Naval History and Heritage Command

Naval History and Heritage Command

Mexican War 1846-1848


Mexican War 1846-1848

Friction between the United States and Mexico, aggravated by an ever-increasing American population in the southwest and admission of the Texas Republic into the Union, resulted in war. The Navy's Home and Pacific Squadrons blockaded the enemy's east and west coasts, seized numerous ports, and conducted amphibious operations. From the Gulf of Mexico, Commodore M. C. Perry, with small sidewheel steamers and schooners, fought his way up tortuous rivers to capture Frontera, San Juan Bautista and other enemy strongholds and supply sources. Sailors from the Pacific Squadron under Commodores John Stoat and Robert Stockton landed at Monterey, San Francisco, and San Diego, assuring success in the California campaign. Veracruz, key to ultimate victory on the Gulf, fell before a brilliantly executed amphibious assault planned by Commodore David Conner. Over 12,000 troops were put ashore with their equipment in a single day, and at the request of General Winfield Scott naval gunners and their heavy cannon landed. Joined by guns of the fleet and Army artillery, the naval battery pounded the enemy into submission, and opened the way for the capture of Mexico City.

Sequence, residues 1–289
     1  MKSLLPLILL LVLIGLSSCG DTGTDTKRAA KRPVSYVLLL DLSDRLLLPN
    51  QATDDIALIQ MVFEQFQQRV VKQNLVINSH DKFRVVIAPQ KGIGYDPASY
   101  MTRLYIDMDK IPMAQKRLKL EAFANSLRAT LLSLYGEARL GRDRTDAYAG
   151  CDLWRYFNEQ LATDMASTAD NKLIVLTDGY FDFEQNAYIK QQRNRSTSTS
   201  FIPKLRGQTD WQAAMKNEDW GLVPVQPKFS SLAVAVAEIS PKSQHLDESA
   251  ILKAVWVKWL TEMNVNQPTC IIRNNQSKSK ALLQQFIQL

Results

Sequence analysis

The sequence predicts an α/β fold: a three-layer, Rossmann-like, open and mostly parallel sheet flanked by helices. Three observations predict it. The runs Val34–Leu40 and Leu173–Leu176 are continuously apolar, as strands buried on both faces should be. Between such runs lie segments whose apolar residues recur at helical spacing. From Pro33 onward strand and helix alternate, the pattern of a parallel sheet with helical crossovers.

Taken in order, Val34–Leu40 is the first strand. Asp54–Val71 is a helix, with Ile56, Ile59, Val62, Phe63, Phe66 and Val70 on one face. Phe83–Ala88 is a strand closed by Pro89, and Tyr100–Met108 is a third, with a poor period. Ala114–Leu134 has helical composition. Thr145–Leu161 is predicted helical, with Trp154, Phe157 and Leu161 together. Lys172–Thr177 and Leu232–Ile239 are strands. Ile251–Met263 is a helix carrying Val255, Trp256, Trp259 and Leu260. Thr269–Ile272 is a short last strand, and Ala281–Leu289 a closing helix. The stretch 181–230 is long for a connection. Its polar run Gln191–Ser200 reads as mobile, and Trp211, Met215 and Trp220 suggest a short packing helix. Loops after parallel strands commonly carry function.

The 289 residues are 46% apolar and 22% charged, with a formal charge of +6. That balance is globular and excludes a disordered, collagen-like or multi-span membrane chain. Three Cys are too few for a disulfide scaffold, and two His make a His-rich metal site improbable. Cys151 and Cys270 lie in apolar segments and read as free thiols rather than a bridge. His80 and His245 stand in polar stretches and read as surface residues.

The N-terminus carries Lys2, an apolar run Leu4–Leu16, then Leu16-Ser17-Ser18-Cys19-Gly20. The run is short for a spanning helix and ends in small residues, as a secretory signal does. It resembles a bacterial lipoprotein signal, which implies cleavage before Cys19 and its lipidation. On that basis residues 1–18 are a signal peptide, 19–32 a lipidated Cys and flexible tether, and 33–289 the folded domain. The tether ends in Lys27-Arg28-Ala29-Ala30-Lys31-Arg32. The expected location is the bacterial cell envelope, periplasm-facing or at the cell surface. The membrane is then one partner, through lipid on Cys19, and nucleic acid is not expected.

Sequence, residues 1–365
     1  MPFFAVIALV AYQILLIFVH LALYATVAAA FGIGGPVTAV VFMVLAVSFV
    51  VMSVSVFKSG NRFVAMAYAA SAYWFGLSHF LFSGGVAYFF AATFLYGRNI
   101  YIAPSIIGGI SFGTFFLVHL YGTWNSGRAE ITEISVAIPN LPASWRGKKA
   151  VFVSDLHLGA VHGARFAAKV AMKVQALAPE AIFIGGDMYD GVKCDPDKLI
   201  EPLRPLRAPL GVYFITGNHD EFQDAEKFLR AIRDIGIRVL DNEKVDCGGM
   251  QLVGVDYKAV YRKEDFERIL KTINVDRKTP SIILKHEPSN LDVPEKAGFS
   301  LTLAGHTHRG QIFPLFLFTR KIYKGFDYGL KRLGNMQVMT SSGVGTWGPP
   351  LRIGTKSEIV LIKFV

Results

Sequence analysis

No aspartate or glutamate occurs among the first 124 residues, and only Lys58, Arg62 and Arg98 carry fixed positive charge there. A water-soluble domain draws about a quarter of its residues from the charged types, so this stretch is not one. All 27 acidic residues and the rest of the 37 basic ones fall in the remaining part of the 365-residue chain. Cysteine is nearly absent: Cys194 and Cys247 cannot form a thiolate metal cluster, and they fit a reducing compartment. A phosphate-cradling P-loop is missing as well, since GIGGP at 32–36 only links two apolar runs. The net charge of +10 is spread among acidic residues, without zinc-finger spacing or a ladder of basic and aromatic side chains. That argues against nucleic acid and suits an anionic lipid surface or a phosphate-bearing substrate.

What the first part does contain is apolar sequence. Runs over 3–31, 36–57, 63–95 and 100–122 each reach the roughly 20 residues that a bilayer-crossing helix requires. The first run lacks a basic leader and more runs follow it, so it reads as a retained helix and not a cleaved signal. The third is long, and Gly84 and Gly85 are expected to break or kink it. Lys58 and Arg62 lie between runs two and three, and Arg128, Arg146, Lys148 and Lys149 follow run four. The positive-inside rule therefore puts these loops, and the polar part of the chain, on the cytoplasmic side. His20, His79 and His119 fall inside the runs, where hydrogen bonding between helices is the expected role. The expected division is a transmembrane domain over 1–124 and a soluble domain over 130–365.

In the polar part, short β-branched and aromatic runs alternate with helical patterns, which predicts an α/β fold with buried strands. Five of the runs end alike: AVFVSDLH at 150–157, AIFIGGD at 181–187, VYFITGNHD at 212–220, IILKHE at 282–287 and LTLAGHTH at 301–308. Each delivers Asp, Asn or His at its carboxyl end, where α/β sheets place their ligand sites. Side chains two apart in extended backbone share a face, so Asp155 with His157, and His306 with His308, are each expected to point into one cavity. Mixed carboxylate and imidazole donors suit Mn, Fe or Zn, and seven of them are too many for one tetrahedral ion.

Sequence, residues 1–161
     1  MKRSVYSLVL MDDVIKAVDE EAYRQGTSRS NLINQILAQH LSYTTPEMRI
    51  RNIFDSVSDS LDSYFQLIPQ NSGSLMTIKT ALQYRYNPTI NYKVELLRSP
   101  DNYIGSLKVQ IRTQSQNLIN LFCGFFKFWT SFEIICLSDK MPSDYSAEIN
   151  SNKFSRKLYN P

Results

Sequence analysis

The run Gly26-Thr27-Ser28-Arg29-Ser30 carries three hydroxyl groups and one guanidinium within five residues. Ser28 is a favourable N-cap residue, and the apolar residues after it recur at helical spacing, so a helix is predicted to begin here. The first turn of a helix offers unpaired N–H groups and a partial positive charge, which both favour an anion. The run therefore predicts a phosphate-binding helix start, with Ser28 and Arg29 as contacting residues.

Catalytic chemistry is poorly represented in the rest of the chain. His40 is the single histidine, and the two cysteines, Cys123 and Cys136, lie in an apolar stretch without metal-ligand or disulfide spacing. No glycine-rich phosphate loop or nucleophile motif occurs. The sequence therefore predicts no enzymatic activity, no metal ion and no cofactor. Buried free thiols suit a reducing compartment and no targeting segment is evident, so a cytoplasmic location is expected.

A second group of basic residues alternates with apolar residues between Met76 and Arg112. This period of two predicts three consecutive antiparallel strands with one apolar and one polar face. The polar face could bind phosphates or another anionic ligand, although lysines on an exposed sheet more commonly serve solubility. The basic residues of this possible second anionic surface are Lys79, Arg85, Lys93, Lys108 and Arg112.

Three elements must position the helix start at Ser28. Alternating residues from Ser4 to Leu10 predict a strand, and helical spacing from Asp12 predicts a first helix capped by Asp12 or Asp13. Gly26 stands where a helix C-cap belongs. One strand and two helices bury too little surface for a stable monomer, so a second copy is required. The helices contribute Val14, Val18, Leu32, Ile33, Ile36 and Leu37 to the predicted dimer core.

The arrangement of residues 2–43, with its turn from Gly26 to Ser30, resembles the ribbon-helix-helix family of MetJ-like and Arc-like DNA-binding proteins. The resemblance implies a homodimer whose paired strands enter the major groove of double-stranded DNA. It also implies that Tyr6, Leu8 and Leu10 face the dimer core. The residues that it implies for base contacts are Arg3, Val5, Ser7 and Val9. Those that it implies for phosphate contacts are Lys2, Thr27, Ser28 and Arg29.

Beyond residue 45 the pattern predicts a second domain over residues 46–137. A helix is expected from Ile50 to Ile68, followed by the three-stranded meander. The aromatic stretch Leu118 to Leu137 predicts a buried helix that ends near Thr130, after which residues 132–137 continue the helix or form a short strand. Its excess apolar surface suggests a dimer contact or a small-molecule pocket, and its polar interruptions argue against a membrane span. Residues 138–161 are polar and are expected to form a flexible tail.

4 Bronze Stars

1. Veracruz landing (9 March 1847) 
2. Riverine operations 
3. East coast blockade
4. West coast blockade and operations in California

Published: Wed Nov 15 08:22:27 EST 2017